Knee arthroscopy is commonly known as keyhole surgery. It involves a camera attached to a thin telescope that is inserted into the knee via a small incision of less than 1cm. With the camera, the surgeon can look inside the knee itself and identify any problems. If the camera reveals any problems the surgeon can use small instruments that can be inserted via a second small incision in the knee. Common problems that are treated by arthroscopic surgery include meniscal cartilage tears, worn articular cartilage and problems with the soft tissues within the knee joint such as synovial plicas. In addition, complex surgery such as cruciate ligament reconstruction can be performed using keyhole surgery techniques.
What happens in surgery?
The surgery is generally performed as a day case under a general anaesthetic. The operation usually takes around half an hour to perform although the time taken may be longer for more complex procedures. At the end of the operation your knee is injected with a local anaesthetic to minimise the post-operative pain.
Arthroscopic Meniscectomy & Meniscal repair
Meniscectomy involves trimming a torn cartilage using special keyhole surgical instruments. The meniscus is a crescent shaped rim of cartilage between the femur (thigh bone) and tibia (shin bone). If it is torn, it can catch in the knee causing pain. Only the torn part is removed, leaving the remaining uninjured cartilage behind. Arthroscopic meniscectomy has a high rate of success providing relief from knee pain. Where possible the meniscus is repaired using internal stitches, unfortunately this is the minority of cases and the failure of such repairs is one in four as the cartilage heals poorly.
Arthroscopic Microfracture & Chondroplasty
Damaged articular cartilage on the ends of the bones has very poor healing potential. Flaps of worn articular cartilage can catch as the knee moves and create pain and discomfort. ‘Chondroplasty’ involves trimming and smoothing these areas of cartilage, and so pain and mobility can be improved. Where there is a full thickness defect ‘microfracture’ may be beneficial which involves making small holes into the bone to release bone marrow cells and bleeding to promote healing which otherwise would not happen. It is important to recognise that worn articular cartilage is, potentially, the start of osteoarthritis in the knee and that your knee will not be returned to complete normality after this surgery.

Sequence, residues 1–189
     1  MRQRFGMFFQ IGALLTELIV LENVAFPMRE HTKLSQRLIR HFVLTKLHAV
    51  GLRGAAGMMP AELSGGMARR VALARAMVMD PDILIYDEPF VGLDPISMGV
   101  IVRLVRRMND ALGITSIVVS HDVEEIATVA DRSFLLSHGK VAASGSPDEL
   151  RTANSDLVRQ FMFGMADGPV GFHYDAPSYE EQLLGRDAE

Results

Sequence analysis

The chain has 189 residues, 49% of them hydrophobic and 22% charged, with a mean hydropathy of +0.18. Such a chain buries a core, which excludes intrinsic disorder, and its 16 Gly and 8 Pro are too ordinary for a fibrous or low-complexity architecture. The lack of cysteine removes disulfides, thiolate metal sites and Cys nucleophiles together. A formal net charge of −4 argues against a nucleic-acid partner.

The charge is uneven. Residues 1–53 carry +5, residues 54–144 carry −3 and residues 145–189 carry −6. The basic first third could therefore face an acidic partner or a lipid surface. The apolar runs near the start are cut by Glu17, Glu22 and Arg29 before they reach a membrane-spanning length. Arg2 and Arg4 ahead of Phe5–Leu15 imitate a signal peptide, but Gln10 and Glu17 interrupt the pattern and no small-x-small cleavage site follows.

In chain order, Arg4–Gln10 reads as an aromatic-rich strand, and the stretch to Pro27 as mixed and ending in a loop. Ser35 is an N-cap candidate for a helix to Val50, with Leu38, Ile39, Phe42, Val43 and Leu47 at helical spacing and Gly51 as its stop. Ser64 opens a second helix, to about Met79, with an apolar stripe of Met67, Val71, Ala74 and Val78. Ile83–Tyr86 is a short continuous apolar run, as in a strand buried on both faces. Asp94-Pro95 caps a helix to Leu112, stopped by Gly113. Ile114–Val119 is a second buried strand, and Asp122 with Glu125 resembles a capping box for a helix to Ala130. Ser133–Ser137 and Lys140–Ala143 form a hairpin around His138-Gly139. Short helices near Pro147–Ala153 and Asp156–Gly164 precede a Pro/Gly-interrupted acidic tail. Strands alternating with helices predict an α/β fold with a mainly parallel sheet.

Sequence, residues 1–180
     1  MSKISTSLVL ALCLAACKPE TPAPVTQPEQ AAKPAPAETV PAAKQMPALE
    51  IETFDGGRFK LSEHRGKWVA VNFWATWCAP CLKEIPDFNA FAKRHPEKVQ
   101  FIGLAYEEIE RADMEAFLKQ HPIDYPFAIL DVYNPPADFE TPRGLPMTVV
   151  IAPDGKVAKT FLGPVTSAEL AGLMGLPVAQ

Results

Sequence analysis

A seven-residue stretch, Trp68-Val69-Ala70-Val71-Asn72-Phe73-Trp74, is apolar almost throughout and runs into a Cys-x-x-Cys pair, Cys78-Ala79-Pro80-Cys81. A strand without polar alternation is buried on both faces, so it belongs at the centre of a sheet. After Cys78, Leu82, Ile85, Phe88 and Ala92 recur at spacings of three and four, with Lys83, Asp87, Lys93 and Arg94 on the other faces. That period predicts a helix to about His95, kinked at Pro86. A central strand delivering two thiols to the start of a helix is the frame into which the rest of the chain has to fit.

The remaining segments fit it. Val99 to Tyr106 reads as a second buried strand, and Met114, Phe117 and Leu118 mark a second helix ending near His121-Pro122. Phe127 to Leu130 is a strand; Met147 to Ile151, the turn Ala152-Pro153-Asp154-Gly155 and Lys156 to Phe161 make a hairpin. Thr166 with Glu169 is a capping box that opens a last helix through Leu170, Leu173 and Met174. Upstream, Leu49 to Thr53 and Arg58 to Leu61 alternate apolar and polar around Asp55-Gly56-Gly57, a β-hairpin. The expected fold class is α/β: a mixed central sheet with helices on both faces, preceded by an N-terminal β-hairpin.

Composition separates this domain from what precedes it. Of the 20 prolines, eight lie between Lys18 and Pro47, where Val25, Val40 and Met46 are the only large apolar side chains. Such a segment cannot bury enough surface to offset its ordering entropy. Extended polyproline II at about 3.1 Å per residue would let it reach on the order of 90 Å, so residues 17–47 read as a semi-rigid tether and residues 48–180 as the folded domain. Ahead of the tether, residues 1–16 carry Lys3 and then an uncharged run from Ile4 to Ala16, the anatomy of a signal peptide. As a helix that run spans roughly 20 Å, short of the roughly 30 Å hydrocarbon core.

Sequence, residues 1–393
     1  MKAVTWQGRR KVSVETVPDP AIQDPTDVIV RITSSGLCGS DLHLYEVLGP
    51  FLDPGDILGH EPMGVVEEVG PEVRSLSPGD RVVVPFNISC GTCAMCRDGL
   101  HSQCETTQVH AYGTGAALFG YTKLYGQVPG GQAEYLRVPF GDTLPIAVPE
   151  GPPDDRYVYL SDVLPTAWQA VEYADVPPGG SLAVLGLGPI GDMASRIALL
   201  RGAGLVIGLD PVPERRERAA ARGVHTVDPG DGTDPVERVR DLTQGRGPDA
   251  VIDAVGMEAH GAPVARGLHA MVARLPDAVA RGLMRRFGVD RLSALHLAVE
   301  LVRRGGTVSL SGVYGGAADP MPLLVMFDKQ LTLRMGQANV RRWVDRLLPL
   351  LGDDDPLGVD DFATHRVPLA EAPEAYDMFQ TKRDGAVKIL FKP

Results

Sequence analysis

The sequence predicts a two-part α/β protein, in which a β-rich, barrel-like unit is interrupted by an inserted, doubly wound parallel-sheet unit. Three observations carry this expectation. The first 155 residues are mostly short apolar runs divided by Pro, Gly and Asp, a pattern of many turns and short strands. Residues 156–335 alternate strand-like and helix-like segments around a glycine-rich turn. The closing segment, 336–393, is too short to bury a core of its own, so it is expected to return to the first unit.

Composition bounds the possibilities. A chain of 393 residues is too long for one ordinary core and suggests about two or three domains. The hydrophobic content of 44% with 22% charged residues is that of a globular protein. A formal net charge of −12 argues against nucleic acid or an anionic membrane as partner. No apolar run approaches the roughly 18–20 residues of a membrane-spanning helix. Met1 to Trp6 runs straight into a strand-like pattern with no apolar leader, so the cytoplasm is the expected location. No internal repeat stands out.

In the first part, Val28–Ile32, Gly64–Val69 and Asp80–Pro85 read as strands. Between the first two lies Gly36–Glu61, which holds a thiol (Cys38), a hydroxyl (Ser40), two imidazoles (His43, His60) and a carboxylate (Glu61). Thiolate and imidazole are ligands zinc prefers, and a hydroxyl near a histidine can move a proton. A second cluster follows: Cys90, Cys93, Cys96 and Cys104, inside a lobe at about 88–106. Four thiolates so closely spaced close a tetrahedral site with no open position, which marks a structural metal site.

Arthroscopic Soft Tissue Debridement
Sometimes folds of tissue in the lining of the knee can catch and become inflamed. These tissue folds are called plica. Not everybody has them and, even if you do, they may not be symptomatic. However, a plica may cause pain on the inside of the knee and around the patella. The plica can be trimmed with a small arthroscopic shaver and the symptoms relieved.
What happens after surgery?
You will be mobilised after surgery by a physiotherapist and will be able to walk out of the hospital a few hours after the surgery, although unable to drive for a few days or few weeks depending on surgery and leg involved. You will need to have outpatient physiotherapy for a few weeks after your operation to get your knee to settle and move as quickly as possible. Your mobility will improve each day after surgery. You will need a week or two off work depending on your job and the exact nature of the surgery. Your knee should be back to normal by 2-3 months depending on exactly what has had to be done.